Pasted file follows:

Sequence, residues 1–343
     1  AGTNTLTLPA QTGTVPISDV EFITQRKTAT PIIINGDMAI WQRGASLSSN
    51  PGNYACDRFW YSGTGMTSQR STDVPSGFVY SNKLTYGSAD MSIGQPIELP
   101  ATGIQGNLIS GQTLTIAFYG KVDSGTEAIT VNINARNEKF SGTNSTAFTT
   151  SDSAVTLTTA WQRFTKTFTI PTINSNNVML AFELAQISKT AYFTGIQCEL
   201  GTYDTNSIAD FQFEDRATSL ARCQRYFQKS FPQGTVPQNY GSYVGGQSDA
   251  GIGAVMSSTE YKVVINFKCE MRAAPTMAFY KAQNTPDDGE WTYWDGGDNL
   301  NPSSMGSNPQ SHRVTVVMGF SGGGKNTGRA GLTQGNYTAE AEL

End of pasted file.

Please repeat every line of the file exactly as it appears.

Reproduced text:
Sequence, residues 1–343
     1  AGTNTLTLPA QTGTVPISDV EFITQRKTAT PIIINGDMAI WQRGASLSSN
    51  PGNYACDRFW YSGTGMTSQR STDVPSGFVY SNKLTYGSAD MSIGQPIELP
   101  ATGIQGNLIS GQTLTIAFYG KVDSGTEAIT VNINARNEKF SGTNSTAFTT
   151  SDSAVTLTTA WQRFTKTFTI PTINSNNVML AFELAQISKT AYFTGIQCEL
   201  GTYDTNSIAD FQFEDRATSL ARCQRYFQKS FPQGTVPQNY GSYVGGQSDA
   251  GIGAVMSSTE YKVVINFKCE MRAAPTMAFY KAQNTPDDGE WTYWDGGDNL
   301  NPSSMGSNPQ SHRVTVVMGF SGGGKNTGRA GLTQGNYTAE AEL